Death Takes a Holiday, the Musical, to Get NYC Reading With Pasquale, Paice, Lazar and More

News   Death Takes a Holiday, the Musical, to Get NYC Reading With Pasquale, Paice, Lazar and More
 
The new Maury Yeston-Thomas Meehan musical Death Takes a Holiday will get a jolt of life with a developmental reading directed by Tony Award winner Doug Hughes and produced by Roundabout Theatre Company.
Steven Pasquale
Steven Pasquale

Tony Award winner Brian Stokes Mitchell, who has been attached to the developing show (based on the play of the same), is unavailable for the latest reading, to be held in New York City the week of April 6. Playbill.com learned that reasons to be pretty and "Rescue Me" star Steven Pasquale will, for the reading, play the role of Prince Sirki/Death.

In the show, the Grim Reaper is a charming character who wonders what human life — and love — is all about.

Drawing on the 1928 Alberto Cassella play, which appeared on Broadway in 1929, the musical has a libretto by the late Tony Award winner Peter Stone (1776) and Tony Award-winner Meehan (Annie, The Producers, Hairspray). Tony-winning composer-lyricist Yeston (Nine, Titanic) wrote the songs.

Yeston previously said the piece is "an intensely romantic love story — deeply moving and life affirming." He called the show a "chamber musical."

The darkly romantic, European-set musical was initiated by Stone and Yeston. A draft was completed before Stone's death in 2003, and then Meehan was asked to work on the property. This latest reading will have music direction by Kevin Stites and a cast that includes Kelly Barrett, John Bolton, Sara Chase, Joy Hermalyn, Simon Jones, Aaron Lazar, Jessica Molaskey, Brynn O'Malley, Jill Paice, Michael Siberry and Tony Yazbeck.

Playbill.com had previously reported Roundabout's interest in the musical. Roundabout has not officially announced any plans for this workshop or any future production of the musical. The not-for-profit company explores many projects (revivals and new works alike) in reading situations.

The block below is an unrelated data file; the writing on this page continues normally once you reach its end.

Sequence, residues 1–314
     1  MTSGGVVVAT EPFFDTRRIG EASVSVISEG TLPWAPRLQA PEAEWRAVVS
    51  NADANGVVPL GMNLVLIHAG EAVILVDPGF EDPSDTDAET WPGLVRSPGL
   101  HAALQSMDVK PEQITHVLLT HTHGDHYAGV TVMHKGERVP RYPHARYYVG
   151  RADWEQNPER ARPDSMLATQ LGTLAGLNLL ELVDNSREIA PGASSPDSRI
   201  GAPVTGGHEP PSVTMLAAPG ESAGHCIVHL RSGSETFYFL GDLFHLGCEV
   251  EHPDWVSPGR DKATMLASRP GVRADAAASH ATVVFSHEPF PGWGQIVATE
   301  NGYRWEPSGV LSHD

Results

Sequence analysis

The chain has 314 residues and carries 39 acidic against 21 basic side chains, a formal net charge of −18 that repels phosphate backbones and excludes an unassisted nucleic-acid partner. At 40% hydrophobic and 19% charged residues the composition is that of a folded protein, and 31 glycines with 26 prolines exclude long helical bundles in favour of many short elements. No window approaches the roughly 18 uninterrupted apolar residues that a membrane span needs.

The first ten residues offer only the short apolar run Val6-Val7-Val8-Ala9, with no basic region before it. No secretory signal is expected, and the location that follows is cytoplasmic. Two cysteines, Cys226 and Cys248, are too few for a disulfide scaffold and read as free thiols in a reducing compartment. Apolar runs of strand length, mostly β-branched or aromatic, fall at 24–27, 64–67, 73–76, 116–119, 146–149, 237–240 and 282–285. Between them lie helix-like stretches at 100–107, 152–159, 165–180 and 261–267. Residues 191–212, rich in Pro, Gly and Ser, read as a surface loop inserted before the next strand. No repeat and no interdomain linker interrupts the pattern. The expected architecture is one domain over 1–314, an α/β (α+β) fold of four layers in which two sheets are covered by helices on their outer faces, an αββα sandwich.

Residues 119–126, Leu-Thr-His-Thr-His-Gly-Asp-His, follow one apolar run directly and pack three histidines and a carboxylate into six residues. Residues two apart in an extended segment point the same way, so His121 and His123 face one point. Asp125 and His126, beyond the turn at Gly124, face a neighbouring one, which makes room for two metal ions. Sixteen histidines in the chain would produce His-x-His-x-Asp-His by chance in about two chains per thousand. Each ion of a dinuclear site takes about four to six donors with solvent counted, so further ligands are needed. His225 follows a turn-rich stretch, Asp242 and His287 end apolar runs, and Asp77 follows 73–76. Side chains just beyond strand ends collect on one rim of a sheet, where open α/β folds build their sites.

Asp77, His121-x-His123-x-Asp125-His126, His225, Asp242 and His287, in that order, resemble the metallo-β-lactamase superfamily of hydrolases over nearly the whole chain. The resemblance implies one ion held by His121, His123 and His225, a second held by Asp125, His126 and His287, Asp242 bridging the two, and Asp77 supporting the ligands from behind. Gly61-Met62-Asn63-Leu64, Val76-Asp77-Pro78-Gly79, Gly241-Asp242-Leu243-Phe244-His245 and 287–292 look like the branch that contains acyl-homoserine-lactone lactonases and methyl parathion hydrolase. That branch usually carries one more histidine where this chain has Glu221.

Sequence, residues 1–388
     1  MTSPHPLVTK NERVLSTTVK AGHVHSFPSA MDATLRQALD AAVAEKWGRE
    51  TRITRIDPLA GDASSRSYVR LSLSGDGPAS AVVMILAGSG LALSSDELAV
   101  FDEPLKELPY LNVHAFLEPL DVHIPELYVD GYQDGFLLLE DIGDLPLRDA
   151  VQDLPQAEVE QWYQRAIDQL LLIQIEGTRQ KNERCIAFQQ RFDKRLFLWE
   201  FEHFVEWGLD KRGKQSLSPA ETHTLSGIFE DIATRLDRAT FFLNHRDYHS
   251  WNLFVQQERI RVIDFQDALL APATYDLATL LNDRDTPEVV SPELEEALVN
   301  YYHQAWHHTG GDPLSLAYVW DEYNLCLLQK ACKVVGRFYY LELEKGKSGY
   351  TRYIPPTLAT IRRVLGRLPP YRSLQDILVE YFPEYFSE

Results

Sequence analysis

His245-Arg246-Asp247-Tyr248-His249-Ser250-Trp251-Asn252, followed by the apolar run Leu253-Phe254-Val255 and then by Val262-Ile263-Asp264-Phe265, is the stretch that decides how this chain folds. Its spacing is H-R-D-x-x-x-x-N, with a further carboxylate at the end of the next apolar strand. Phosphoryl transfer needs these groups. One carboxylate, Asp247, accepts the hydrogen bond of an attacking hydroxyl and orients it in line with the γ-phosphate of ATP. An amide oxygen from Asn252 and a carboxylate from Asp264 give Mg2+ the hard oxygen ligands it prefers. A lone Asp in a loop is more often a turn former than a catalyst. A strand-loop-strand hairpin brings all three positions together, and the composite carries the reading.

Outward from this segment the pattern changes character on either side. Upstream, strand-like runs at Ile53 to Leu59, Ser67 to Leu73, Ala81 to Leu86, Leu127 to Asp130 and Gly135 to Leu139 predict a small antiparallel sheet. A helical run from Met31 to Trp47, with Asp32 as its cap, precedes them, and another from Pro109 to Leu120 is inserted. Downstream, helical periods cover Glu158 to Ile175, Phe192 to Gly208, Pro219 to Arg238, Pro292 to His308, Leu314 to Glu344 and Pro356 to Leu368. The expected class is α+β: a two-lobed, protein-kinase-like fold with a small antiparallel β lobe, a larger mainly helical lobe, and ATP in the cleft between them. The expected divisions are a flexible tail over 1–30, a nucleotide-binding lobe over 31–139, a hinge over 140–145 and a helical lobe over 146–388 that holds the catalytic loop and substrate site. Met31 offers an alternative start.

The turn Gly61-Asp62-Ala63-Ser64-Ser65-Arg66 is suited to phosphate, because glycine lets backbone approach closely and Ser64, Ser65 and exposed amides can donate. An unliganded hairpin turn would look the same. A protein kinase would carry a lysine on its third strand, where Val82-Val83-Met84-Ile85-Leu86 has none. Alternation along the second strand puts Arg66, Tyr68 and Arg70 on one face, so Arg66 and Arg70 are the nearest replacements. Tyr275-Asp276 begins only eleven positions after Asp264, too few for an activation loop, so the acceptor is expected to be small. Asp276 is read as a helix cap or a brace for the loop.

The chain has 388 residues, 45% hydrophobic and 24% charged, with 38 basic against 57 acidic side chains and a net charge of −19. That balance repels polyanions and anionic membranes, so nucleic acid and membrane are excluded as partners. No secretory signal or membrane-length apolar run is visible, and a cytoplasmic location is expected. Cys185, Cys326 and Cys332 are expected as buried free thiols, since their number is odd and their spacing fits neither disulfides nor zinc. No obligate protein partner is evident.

Death tells of the Grim Reaper visiting earth to discover why people are so fearful of him. Or, as Stone once said in a Playbill.com interview, "What can life be that they cling to it so?"

Death becomes a houseguest at a swanky nobleman's home where an engagement is being celebrated. And that's where he falls in love.

"It's very lush and romantic and amusing in many aspects, even though it deals with a somewhat serious subject," Stone previously told Playbill.com.

There have been movie versions of the property, including a 1934 picture starring Fredric March and "Meet Joe Black" (1998), starring Brad Pitt.

"Each time they remake it," Stone said of the film versions, "it's farther from the original. We're keeping the locale: Italy, just after the first World War. It's a small musical: 10 principals, all of them important, no chorus." There are four servants in the mix as well, Playbill.com previously reported, bumping the cast size to a relatively intimate 14.

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Hughes directed Broadway's Doubt, Mauritius, Inherit the Wind and Roundabout's A Naked Girl on the Appian Way, among other works.

Yeston penned the score to Titanic, Nine and the internationally popular Phantom, his version of "The Phantom of the Opera," which has a book by Arthur Kopit. He also contributed to the score of Grand Hotel, the Musical.

Playbill.com first reported about the Death project in 2001. Stone died April 26, 2003, at the age of 73. He won Tony Awards for his books for Titanic, Woman of the Year and 1776, and wrote the book for the Tony Award-winning The Will Rogers Follies.

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The Roundabout Theatre Company is the Manhattan not-for-profit with a presence both on Broadway (at Studio 54 and The American Airlines Theatre) and Off-Broadway. Visit www.roundabouttheatrecompany.org.

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